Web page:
When most people think of safari, they think of morning game drives into the African bush to observe the Big Five enjoying their first morning drink or kill. But what about the game that comes out when the sun sets and the stars sprinkle the velvety African sky?
Just as exciting as morning and afternoon game drives, a nighttime safari brings visitors into the mysterious bush to observe the fascinating creatures that come to life in the dark.
Below are some of the most interesting nocturnal (or partially nocturnal) animals to witness on a nighttime safari:
African civet: Because the African civet is only active just for a few dark hours before midnight, it can be quite rare to see these creatures on a nighttime safari. These animals, which are similar in facial appearance to the raccoon, have black spots along their dense fur coat, and stripes along their neck and tail.
The civet’s diet often includes eggs, birds, reptiles, insects, fruits, and small rodents. But they’re also known for eating a poisonous millipede, which can secrete a deathly dose of cyanide when it is digested. Luckily for the civet, they are usually not affected by the millipede’s cyanide because it is believed that the civets eat a certain kind of fruit that eliminates the affects of the cyanide.
Image above owned by and taken from the Sabi Sabi Private Game Reserve website
And, according to one of our favorite properties in South Africa, Sabi Sabi Private Game Reserve, civets are also regarded as a valuable commodity for the perfume and coffee industries! Specifically, the civet produces a secretion from their anal glands that has a strong smell, which is used in perfume. The civet also lends its anal secretions to the coffee industry by consuming coffee berry beans. When the beans come out the other end they are then washed and ground to produce the Kopi Luwak coffee, which can be as expensive as $300 per pound! I don’t know about you, but I think I’ll skip the perfume and coffee . . .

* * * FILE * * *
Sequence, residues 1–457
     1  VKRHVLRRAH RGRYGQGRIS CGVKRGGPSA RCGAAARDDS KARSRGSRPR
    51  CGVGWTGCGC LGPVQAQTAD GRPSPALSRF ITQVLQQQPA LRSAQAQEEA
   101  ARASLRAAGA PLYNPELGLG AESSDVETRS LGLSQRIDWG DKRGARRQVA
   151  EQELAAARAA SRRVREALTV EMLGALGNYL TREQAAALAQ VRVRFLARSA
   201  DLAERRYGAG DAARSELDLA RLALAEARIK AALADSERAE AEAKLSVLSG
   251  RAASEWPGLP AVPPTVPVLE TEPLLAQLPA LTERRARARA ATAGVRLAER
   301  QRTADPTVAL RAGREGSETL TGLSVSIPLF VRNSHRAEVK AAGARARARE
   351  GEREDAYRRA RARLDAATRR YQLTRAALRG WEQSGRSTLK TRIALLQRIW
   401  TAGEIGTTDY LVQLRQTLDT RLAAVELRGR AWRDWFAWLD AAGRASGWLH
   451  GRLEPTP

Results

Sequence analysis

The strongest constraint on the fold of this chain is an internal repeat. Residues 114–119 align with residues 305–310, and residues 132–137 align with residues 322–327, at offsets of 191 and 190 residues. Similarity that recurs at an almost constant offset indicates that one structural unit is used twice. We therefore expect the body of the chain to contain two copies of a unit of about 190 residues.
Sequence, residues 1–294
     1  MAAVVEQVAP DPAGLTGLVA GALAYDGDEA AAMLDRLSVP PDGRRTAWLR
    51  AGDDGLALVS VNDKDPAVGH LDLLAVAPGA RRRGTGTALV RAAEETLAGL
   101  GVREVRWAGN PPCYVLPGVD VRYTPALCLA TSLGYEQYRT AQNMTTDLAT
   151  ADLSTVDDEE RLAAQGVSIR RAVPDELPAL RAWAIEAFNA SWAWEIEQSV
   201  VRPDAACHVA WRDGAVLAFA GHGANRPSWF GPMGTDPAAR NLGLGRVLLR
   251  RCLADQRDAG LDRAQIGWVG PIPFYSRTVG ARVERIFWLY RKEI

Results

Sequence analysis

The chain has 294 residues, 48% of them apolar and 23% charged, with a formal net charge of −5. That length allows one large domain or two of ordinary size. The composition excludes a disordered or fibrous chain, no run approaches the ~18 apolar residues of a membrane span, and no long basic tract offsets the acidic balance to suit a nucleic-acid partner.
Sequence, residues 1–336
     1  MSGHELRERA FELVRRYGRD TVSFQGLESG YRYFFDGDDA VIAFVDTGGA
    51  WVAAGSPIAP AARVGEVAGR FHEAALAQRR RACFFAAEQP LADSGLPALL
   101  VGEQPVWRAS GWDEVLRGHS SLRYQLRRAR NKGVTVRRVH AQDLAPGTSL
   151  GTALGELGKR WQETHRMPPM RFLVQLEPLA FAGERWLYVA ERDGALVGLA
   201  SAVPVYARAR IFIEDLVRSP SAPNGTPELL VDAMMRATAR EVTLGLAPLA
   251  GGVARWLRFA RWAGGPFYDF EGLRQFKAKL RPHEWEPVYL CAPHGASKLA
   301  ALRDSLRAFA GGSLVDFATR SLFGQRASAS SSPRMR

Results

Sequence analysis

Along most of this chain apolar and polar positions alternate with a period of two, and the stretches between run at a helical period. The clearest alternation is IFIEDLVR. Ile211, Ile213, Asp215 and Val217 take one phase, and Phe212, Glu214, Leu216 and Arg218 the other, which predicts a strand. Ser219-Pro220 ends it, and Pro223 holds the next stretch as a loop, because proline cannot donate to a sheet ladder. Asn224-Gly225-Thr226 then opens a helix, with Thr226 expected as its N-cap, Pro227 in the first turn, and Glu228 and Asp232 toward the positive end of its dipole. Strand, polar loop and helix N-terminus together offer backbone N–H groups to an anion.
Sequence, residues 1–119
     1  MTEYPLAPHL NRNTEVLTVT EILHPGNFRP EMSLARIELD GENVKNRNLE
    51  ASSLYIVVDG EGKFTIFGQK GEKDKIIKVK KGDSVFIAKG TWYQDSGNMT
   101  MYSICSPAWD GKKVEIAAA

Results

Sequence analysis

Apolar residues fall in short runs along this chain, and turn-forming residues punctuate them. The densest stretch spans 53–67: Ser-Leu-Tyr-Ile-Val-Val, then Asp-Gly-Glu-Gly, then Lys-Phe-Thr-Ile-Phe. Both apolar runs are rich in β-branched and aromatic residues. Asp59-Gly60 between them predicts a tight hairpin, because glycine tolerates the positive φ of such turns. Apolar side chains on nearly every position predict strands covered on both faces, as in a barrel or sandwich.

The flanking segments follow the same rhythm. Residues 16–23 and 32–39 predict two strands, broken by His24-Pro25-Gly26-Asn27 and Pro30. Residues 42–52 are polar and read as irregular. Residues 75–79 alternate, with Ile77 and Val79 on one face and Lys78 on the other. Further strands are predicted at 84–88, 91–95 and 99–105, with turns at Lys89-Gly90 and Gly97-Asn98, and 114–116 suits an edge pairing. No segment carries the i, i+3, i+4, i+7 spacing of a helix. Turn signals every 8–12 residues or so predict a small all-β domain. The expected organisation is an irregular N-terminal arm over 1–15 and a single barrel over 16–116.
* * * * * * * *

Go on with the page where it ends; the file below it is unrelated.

Aardvark: The aardvark’s name was derived from the Afrikaans language to mean “earth pig.” This unique nocturnal creature has a long snout with large ears that stand straight up like a rabbit’s. They use their claws not only to dig burrows to sleep in during the hot days, but also for digging in search of termites—their favorite dietary staple. In fact, aardvarks love termites so much that they will travel miles during the night to search for the most populated termite mounds. Once an aardvark stumbles across a mound, it will stick its 12-inch, sticky tongue into the mounds to pull out termites.
Photograph above taken by Beverly Joubert, taken from the National Geographic website
Leopard: The leopard is a large, powerful cat (males can weigh up to 200 pounds and females up to 130 pounds) that lives everywhere from the dry deserts to the rainforests of Africa and parts of Asia. They move like liquid, achieving speeds of over 30 miles-per-hour over very short distances.
When hunting their prey, the leopard is undoubtedly fantastic at camouflaging itself before pouncing on its victim. The leopard is also extremely powerful, possessing the ability to drag an impala up into the high branches of a tree, keeping the kill safe from lion and hyena.
Leopards live in territories that they defend from members of the same sex, the size of these varies depending on the availability of food. A male’s territory can encompass a number of females; he will mate with them, leaving them to fill the role as parent.
Their role in ecology is of vital importance—there is an African fable that tells a story of a village that goes against the advice of their elders and kills a leopard that ate a calf. Soon the baboon population becomes so large and emboldened that they destroy the village’s crops and everyone starves.
Honey badger: Oh, the honey badger. Known as one of the most relentless and terrifying creatures in the African bush, the seemingly peaceful honey badger can kill a buffalo! But buffalo is by no means a staple in their diet; rather, the honey badger’s primary diet consists of small animals such as reptiles and birds, as well as poisonous snakes.
And another interesting tidbit from Sabi Sabi Private Game Reserve in South Africa is that the honey badger has a unique relationship with the Greater honeyguide bird, which locates beehives for the honey badger. The honey badger then sucks the honey from the hive and the Greater honeyguide then eats the leftover honeycomb!
Below is a video of a honey badger taken by Sabi Sabi Private Game Reserve:
Pangolin: The rare and endangered toothless pangolin is one of my favorite creatures to see on a nighttime game drive! With thick armored scales around their entire body, long claws, a slender snout, and a nearly endless tongue, the pangolin is quite a bizarre looking mammal! Similar to the aardvark, the pangolin uses its long, sticky tongue to extract termites from their mounds.
Image above taken from the African Wildlife Foundation website
Aardwolf: Part of the hyena family, the Aardwolf has longer front legs than hind legs, a back mane, and vertical and diagonal stripes along its body. Although their appearance is similar to the hyena, they have several differences, including their diet. Unlike the hyena, which is a scavenger, the aardwolf eats mainly insects. One of their favorite foods is the termite. In fact, they can eat up to 200,000 termites in one night!
Image above taken from the BBC News website